In Texas, you are required to file a report to the police in the event of an accident if it resulted in someone’s death, serious injuries, or property damage exceeding $1,000. Serious injury is classified as anything that increases a victim’s risk of death and has the capacity to cause permanent disfigurement or the extended (or permanent) loss of a bodily function or extremity.

If the police arrive on the scene, they will make the report themselves, and relieve you of this responsibility. You can request a copy of the police report yourself through the Texas Department of Public Safety, assuming you have one of the officers’ names or badge numbers. You can also ask your lawyer to handle the police report for you.

Keep Your Financial Records

Gathering and keeping your medical records and related bills and invoices in a neat file or binder could also prove invaluable to your case. This information can help your attorney better understand how your accident has affected your physical, mental, and financial wellness, and ensure that your case is valued correctly.

Any bills from the mechanic are also worth compiling and giving to your lawyer. Keeping an orderly file of all of your receipts will be a huge help to your lawyer, your claim, and yourself.

While you may be able to gather some evidence yourself, your attorney will have access to a network of expert witnesses and other helpful contacts that can immensely bolster your case.

Your attorney may choose to call on a medical professional, an engineering expert, a manufacturing professional, or an economist to help illustrate the way your accident has impacted every part of your life.

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Compensation for Richmond Car Accident Victims

When you’re hurt in a car accident, you need funds for your recovery. But you may not have the tools to calculate the value of your losses and the hardships you experienced because of your crash. How does a person qualify grief after the death of a loved one?

Luckily, our lawyers have the tools you need to calculate the true value of your claim. If an insurer doesn’t want to indemnify you, we’ll even represent you in court to seek the compensation you’re owed. Below is just a sample of the damages you may have suffered in a Richmond car accident:

  • Medical bills
  • Lost wages
  • Property damage
  • Mental trauma
  • Loss of enjoyment of life

Texas Laws You Need to Know

But before you take your claim to a Richmond court, you need to know the state laws that impact your claim. If you’re not prepared, you could receive less compensation than you’re due, or none at all.

For example, you only have a few years to file a Richmond car accident lawsuit. Texas residents must file a claim within two years. If you don’t, your claim may be dismissed, leaving you without the funding you need for your recovery.

You may also need to prove you were even partially at fault for the car accident. If you’re found partly at fault for your injuries, your funds may be reduced by your portion of fault. If you’re found 20 percent at fault, for example, you may only receive 80 percent of the compensation you’re due.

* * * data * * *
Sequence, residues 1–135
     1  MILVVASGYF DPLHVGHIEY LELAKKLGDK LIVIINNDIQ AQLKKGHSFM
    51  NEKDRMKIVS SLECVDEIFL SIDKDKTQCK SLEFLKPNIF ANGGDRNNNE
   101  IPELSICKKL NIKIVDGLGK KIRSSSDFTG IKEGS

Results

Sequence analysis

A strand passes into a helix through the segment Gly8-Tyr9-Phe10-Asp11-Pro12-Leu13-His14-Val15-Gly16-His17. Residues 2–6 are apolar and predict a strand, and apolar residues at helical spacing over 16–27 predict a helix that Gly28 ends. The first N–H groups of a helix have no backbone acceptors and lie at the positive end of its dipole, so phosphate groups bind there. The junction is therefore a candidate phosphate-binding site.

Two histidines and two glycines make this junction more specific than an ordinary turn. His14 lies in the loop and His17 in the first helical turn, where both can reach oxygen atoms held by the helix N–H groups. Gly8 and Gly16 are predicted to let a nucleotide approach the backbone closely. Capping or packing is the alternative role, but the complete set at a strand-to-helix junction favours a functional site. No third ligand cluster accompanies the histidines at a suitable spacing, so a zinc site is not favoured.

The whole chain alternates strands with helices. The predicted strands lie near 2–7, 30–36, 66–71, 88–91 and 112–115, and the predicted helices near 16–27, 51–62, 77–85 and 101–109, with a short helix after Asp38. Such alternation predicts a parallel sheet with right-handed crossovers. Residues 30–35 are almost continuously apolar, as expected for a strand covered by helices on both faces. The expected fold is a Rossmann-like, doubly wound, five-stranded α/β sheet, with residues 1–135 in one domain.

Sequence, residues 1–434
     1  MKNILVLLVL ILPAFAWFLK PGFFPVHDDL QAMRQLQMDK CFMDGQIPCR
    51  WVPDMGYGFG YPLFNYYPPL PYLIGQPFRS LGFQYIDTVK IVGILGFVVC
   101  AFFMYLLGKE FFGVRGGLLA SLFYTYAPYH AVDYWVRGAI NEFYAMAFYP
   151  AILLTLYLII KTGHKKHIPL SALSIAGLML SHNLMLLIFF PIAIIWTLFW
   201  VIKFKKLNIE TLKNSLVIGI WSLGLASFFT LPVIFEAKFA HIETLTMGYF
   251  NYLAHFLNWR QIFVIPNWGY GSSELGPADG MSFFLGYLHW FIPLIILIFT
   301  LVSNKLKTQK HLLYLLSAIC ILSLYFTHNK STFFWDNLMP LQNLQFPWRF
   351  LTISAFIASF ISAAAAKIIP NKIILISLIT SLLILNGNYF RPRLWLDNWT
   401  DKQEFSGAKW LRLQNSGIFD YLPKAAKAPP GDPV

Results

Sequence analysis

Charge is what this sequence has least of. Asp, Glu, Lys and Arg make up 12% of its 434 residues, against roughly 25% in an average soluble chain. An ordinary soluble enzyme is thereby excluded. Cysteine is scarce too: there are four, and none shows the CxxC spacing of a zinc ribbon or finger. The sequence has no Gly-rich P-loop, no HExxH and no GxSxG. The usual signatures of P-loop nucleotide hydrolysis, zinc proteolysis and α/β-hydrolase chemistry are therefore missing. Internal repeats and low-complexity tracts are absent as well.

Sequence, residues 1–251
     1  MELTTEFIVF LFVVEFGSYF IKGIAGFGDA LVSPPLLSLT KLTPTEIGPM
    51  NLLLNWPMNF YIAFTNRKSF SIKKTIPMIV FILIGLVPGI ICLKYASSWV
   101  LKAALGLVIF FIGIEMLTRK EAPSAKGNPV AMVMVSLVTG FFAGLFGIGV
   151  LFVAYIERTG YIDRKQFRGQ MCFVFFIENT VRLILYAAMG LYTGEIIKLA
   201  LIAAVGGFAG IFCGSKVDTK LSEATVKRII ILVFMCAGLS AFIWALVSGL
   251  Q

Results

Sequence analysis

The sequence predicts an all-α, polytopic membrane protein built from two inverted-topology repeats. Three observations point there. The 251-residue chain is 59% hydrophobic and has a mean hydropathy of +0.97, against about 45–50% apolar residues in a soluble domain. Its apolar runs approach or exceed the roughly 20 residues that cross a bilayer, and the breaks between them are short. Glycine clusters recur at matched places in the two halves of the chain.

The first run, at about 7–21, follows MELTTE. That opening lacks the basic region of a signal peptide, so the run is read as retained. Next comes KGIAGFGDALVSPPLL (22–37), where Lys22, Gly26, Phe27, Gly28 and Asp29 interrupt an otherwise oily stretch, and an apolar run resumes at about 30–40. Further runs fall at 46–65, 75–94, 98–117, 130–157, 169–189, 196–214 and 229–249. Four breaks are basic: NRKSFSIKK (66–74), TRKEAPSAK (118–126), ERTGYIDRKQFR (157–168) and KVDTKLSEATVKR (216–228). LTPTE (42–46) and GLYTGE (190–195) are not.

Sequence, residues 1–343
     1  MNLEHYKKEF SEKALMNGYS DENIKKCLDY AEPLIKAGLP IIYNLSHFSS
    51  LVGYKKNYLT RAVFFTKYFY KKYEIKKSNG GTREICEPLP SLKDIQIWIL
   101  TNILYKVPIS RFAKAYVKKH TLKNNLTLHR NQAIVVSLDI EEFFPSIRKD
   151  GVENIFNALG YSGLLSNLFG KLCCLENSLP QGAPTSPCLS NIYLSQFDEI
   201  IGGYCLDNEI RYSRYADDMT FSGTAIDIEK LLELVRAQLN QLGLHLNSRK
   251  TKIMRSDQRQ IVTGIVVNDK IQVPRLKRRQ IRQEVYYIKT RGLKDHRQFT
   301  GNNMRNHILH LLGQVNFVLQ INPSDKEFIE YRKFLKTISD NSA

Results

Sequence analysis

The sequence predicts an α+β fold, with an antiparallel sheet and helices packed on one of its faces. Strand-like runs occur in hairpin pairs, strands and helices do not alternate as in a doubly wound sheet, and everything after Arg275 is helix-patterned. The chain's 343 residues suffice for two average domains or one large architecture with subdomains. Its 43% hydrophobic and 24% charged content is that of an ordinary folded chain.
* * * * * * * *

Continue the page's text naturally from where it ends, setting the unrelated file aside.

When to Start the Claims Process

It’s imperative that you bring your case as soon as possible. The state of Texas has imposed a two-year statute of limitations on car accidents. That means you much bring the personal injury suit within two years from the day the accident occurred. If you wait longer than two years to file your claim, it will likely be dismissed, and you will not receive the compensation you need.

Car Accident Lawyer Fees Explained

As you recover from a car accident, attorney expenses are the last thing you want to think about. Some car accident lawyer fees are exorbitant, taking away much of your compensation earned in the settlement. At The Estes Law Firm, we strive to charge reasonable fees for our services. Don’t let lack of funds be a reason why you don’t seek compensation. Our team will be upfront about any fees at our initial consultation with you.

Richmond Car Accident FAQ

Have questions about your Richmond car accident claim? We have answers.

When you’re ready to get personalized responses from a car accident lawyer, reach out to our attorneys. While you wait for your personalized answers, check out the following answers to some of our most common questions asked by car accident victims.

How long do I have to file my car accident claim?

After the date of your accident, you will have two years to file your car accident claim. The situation doesn’t need to be resolved within this time window – you just need to file your claim within the two-year window.

The only exception to this comes into play in the event of a wrongful death. In Texas legislation, there is the option to essentially pause the clock for a year following the date of the individual’s death. This situation is more complex, and it would be wise to consult your attorney if you think this exception may be relevant to your case.